‘Just two more, was it Staropramen? I actually don’t know what he is drinking.’ The barman looked over at the table where Carl was on his phone.

‘Yeh two Staropramen.’ Lucy wanted to cry. She smiled.

‘I know a girl from New Zealand,’ she said, smiling even harder, thinking of the girl just like him from Wolverhampton.

‘Oh? Whereabouts’

‘Christchurch,’ she lied.

The barman raised his eyebrows and nodded.  Lucy had a friend who had just settled in Christchurch when the earthquake hit. She came back to the UK on the first flight out, met her now husband, Jacko, or something, and bought a house in Tooting within a year. ‘I suddenly realised I was lucky, beyond my wildest dreams,’ she had said when she got back, ‘living through a tragedy, surviving it all, it made fall back in love with the details of my life.’ Or something, she had said something about the beauty of the detail.

‘We are luckier beyond our wildest dreams,’ Lucy said as the barman placed the beers in front of her. He laughed.

‘You might be, having pints on a Wednesday. But I’m working.’

‘No it’s just what my mate said when she survived the earthquake in Christchurch. I’m on a date and it is a total fuck up.’ She took the two beers.

‘Doesn’t look like a fuck up,’ the barman nodded at the drinks. Lucy made a face. ‘If it’s shit, just leave. Why stick around?’ He turned to open the dishwasher.

‘Because I was momentarily in love with him and he has just broken my heart,’ Lucy said.

‘Sure,’ the barman laughed.

Lucy put the beer on the table.

‘So, how long have you been married?’ she said.


‘How long have you been married? Do you have any kids?’ Carl stared at a point on the floorboards and then turned back to Lucy.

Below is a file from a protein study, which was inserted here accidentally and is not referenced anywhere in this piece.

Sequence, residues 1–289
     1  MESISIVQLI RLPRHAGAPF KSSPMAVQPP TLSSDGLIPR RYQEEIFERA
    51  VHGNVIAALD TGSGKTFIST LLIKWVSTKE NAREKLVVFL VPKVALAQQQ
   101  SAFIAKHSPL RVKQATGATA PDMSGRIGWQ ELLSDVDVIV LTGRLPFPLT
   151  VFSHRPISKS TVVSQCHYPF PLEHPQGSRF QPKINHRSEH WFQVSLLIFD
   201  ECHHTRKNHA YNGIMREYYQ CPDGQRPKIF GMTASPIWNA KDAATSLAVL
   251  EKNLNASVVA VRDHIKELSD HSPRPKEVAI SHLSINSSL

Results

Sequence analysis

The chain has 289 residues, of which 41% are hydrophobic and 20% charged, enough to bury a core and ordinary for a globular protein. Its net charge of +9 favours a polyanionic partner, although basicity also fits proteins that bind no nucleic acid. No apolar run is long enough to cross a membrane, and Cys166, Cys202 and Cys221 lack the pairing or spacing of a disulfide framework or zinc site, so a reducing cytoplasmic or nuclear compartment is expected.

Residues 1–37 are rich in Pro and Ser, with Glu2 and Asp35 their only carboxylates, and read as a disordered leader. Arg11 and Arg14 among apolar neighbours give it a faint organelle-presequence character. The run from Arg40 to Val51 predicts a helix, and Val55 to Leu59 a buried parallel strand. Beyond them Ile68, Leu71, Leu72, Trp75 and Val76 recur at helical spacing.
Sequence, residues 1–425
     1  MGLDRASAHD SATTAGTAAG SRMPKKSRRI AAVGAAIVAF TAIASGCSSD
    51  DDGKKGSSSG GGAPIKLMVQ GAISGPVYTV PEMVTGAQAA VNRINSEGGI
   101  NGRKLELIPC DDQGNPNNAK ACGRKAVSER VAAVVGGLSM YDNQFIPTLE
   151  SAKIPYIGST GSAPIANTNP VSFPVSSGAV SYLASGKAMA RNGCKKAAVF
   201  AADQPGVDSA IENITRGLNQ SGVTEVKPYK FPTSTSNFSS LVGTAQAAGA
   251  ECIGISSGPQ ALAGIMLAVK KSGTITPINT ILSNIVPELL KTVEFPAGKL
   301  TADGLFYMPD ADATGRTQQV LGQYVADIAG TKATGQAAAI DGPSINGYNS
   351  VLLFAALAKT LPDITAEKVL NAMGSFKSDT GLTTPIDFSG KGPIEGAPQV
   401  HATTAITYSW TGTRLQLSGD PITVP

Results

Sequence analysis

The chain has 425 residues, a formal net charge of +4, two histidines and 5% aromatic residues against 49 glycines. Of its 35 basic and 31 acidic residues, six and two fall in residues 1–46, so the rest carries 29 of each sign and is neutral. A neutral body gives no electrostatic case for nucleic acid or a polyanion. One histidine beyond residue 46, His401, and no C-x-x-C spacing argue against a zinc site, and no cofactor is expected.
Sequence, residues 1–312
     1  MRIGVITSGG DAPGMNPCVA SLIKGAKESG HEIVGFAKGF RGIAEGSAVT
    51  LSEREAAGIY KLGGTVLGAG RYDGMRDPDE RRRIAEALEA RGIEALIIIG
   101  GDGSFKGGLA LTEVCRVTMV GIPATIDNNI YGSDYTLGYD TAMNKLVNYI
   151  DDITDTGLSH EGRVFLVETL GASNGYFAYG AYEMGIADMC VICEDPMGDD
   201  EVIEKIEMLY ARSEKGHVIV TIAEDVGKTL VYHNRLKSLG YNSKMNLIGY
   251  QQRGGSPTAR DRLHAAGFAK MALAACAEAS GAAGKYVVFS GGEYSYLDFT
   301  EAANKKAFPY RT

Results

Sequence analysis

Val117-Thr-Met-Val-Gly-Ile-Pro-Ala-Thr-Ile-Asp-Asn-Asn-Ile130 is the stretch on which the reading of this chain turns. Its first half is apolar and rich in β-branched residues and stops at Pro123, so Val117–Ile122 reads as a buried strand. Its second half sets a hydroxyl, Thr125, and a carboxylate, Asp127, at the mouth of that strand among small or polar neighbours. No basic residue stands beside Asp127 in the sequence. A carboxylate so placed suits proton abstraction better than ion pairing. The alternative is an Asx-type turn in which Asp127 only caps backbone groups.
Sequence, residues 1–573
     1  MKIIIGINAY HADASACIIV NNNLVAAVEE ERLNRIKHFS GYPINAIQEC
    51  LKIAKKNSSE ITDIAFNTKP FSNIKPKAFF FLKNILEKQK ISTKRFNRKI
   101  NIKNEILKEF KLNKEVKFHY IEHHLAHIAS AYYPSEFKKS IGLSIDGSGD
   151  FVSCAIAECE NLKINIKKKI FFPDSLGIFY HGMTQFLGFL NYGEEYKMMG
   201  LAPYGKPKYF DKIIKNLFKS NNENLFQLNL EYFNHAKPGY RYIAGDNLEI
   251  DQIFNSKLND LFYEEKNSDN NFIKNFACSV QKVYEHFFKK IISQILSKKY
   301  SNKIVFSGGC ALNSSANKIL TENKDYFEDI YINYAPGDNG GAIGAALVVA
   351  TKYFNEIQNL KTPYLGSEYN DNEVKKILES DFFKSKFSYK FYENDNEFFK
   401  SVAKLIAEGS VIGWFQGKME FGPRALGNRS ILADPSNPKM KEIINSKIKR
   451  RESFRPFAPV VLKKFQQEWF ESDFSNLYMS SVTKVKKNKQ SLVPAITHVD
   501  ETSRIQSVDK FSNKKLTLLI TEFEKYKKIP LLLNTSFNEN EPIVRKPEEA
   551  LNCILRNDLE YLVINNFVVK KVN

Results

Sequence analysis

‘Do you really want to know about this?’ he said gently.

‘I guess I do, because I have asked,’ Lucy said, matching his gentleness. The barman and the third beer in front of her offered a new perspective. This didn’t matter either. Nothing mattered. And when she accepted that, she didn’t hate her life and how she had come to live.

‘It must be really tough, still living together and leading separate lives.’

‘We are still sort of together, but just… you know…’

‘Testing new waters,’ Lucy said.  

‘Do you like me?’ Carl said, suddenly. ‘Does the wife thing bother you? We were just getting on so well, I felt I could tell you,’ but I just suddenly feel a bit at sea.’

Lucy watched the barman for a moment.

‘The woman in the running photo, on Tinder, with the tutu, and the mask, is that your wife?’ Carl looked crestfallen again, but now Lucy didn’t care.  ‘She’s fit, I don’t get it? Why don’t you just bang your wife? I find a way to enjoy banging her again?’

‘I’ve been honest. I just wanted a… hook up. That is what Tinder is. My wife isn’t your problem, so I don’t see what the problem is.  If you want it, I want it, so let’s… see how all this goes.’

‘Yeh I know.’ Lucy could see herself swiping, fit, fit, fit, bin, bin, fit, bin women’s faces. She had done it. Pea-brains. The lot of them. This was going to make the best story in the office. Especially the bit about the barman telling her to just leave. He was lovely. Lovely.

‘I’m going to go,’ she said suddenly, drinking as much of her beer as she could.

‘I’ll come,’ Carl said.

‘It’s ok.’ Lucy wanted to find something else to drink, go home and be alone. The evening was still bright, the streets were decidedly fleshy, Lucy thought.

‘It will be tennis season soon,’ Carl said. He took her hand and stopped at an alcove in a red stone building.

‘Will you give me a kiss?’ he said.

Lucy closed her eyes and moved her face towards him, her brain was loose, delicious, drunk, she wanted to feel someone close to her. His lips felt tiny and cold.  Her hand shot up to his chest to push him away.

She opened her eyes to see the stranger’s delicate face.

‘I have to go,’ she said as her skin seemed to blister with fear.

‘Message me,’ he said, ‘message me anytime Luce, I’m here, for whatever you want anytime, if you want. Only if you want.’

‘Yes. I will. Thank you. Carl. Thanks.’